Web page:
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I am creating my first WordPress plugin. It is a Twitter plugin that uses Twitter API 1.1 and OAuth 2.0 to generate a bearer token and then use that to fetch Tweets from Twitter.

The plugin is almost ready to be launched.

Right now, the user of the plugin will need to go here: https://developer.twitter.com/en/apps/create and create a new app, filling in all details, so that they can generate their Consumer API key & secret to use with my plugin.

As soon as they do that, my plugin will fetch a bearer token for them. My plugin only needs "Read" permission.

I have seen many plugins do it this way. But it definitely seems like a very tedious step to follow for the user in order to use the plugin.

My questions are:

  1. Is it the right method?
  2. Is there a better way to approach this?
  3. Should I somehow, store my Consumer API key & secret details on my server? And any of my distributed plugins should automatically fetch it from my server?
  4. Further, are the Consumer API key & secret associated with my Twitter app, meant to be distributed with my Twitter plugins?

Answers to these questions would clear a lot of mystery for me around this topic.

Thanks in advance.

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I have seen many plugins do it this way. But it definitely seems like a very tedious step to follow for the user in order to use the plugin...

Is it the right method?

Yes.

Should I somehow, store my Consumer API key & secret details on my server? And any of my distributed plugins should automatically fetch it from my server? Further, are the Consumer API key & secret associated with my Twitter app, meant to be distributed with my Twitter plugins?

NO to all of these. And if I could use larger letters than all caps, I would.

There are a number of reasons for this.

First, as the developer of a plugin that will use the Twitter API, you personally are not the API user. That would be the user of your plugin. Allowing your plugin users to use your API credentials would be a violation of Twitter's policies.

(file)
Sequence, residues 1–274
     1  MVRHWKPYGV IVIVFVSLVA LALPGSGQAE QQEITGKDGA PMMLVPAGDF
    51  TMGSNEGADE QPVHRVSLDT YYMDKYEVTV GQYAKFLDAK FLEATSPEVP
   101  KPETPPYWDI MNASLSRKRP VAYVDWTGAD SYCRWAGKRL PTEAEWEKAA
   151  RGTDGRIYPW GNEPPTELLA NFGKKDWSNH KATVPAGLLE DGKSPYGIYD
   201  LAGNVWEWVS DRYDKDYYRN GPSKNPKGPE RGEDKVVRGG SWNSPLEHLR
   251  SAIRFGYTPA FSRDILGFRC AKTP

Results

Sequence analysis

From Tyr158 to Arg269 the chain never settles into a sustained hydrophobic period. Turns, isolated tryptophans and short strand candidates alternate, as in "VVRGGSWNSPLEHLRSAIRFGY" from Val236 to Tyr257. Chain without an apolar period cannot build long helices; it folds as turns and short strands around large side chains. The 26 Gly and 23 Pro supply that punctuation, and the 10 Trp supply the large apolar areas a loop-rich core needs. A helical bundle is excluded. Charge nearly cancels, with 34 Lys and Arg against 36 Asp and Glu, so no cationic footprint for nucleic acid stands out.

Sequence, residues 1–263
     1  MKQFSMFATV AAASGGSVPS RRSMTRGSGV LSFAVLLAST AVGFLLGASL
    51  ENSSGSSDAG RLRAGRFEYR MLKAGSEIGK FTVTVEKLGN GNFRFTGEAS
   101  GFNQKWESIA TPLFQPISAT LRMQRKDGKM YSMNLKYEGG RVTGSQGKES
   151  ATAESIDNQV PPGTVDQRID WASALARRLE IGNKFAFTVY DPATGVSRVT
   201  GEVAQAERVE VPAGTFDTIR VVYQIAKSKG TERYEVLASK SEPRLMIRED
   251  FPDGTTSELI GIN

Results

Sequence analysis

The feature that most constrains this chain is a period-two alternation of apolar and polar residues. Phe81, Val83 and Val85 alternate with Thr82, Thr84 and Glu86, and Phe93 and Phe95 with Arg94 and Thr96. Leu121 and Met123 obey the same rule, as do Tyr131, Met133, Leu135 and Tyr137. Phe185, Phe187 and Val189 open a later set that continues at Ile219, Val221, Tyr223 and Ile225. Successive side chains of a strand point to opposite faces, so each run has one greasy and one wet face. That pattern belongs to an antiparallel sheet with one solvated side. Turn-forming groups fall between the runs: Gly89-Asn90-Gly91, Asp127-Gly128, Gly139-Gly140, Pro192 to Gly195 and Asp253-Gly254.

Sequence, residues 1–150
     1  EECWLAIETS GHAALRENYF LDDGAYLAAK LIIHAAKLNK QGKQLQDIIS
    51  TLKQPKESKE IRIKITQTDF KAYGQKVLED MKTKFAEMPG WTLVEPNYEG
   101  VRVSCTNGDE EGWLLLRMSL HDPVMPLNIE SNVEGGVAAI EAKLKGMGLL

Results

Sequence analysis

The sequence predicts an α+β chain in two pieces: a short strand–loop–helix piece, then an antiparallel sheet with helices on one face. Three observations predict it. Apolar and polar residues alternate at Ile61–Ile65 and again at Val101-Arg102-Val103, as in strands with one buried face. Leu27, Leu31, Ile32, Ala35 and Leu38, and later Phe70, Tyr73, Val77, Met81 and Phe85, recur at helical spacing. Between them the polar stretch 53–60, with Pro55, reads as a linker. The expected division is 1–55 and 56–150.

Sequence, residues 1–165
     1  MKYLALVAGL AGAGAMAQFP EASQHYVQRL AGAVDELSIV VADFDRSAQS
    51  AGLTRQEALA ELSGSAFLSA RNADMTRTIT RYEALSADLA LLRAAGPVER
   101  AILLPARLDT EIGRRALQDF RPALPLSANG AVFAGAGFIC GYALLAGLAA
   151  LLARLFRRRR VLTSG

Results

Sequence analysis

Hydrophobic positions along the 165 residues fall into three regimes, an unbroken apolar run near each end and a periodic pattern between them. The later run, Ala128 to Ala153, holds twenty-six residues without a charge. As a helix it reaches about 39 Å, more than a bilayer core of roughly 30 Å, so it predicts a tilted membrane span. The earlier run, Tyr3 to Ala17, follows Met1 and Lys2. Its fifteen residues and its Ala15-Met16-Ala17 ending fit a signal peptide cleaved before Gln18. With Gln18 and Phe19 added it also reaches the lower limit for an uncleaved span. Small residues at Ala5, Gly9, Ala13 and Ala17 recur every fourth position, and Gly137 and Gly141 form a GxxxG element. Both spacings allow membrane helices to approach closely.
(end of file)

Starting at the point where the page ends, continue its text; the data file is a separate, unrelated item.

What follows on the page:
Additionally, this is just a bad practice. You have no control over the end user of the plugin and how they ultimately use the service. You'd be putting yourself in a situation where, if Twitter decided some end user of yours was in violation of the terms of use, they could yank the credentials.

You might think this is not possible, or that it's low risk because you're just reading, but what if someone decides to modify the plugin itself and is able to hack things in a way that puts your use of the API in violation of Twitter's terms?

In other words, a single end user of your plugin could jeopardize the API use by both you and all of your other plugin users. There is the potential that you wake up one morning, open your email, and find you are flooded with support tickets asking why the service is shut down.

Read the developer policies carefully and understand that what you are providing is a product that uses the Twitter API. You're not providing a connection to the API.

Beyond all of that, it also depends on how your plugin will be distributed. If you're planning on wordpress.org repo distribution, storing the API key on your server for your plugin to retrieve could be viewed as be a violation of the repo's policies on "phoning home." It's a gray area, so it depends on the opinion of who is doing the review at the time, but why not just do it right to begin with and avoid a potential hassle?

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